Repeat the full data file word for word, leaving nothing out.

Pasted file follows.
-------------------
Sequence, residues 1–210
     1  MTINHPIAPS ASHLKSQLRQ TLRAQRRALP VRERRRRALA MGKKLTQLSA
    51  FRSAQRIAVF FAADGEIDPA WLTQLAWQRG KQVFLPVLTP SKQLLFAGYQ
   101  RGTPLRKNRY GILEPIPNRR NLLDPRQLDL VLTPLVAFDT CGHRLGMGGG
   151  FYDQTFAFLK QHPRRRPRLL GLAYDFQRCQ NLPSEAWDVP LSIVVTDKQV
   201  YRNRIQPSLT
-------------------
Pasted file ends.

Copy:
Sequence, residues 1–210
     1  MTINHPIAPS ASHLKSQLRQ TLRAQRRALP VRERRRRALA MGKKLTQLSA
    51  FRSAQRIAVF FAADGEIDPA WLTQLAWQRG KQVFLPVLTP SKQLLFAGYQ
   101  RGTPLRKNRY GILEPIPNRR NLLDPRQLDL VLTPLVAFDT CGHRLGMGGG
   151  FYDQTFAFLK QHPRRRPRLL GLAYDFQRCQ NLPSEAWDVP LSIVVTDKQV
   201  YRNRIQPSLT